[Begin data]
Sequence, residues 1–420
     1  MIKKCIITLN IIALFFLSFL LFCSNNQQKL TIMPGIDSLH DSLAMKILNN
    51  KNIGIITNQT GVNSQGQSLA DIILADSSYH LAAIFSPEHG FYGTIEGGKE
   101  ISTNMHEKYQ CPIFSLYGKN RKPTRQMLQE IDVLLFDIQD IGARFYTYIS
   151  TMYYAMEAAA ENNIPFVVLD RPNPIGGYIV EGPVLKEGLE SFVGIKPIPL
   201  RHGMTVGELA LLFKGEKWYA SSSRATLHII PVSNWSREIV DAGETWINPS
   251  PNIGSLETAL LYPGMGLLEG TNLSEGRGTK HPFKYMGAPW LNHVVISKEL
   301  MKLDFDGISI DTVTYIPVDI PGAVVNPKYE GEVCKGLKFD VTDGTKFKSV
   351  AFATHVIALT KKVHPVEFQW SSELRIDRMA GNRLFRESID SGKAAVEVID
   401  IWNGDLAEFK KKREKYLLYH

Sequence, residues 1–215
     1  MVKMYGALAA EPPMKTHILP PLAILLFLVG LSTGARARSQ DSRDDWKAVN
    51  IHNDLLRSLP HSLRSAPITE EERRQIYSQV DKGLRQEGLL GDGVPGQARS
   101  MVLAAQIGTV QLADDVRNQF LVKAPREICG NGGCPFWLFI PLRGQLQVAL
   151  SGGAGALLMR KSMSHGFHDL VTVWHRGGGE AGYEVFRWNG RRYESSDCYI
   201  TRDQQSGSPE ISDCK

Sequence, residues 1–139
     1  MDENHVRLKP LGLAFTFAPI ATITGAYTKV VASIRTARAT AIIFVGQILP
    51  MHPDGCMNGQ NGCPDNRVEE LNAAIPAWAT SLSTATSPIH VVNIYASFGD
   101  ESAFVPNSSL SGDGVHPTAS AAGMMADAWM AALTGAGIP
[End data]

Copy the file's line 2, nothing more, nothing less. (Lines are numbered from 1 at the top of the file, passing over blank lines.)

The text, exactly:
     1  MIKKCIITLN IIALFFLSFL LFCSNNQQKL TIMPGIDSLH DSLAMKILNN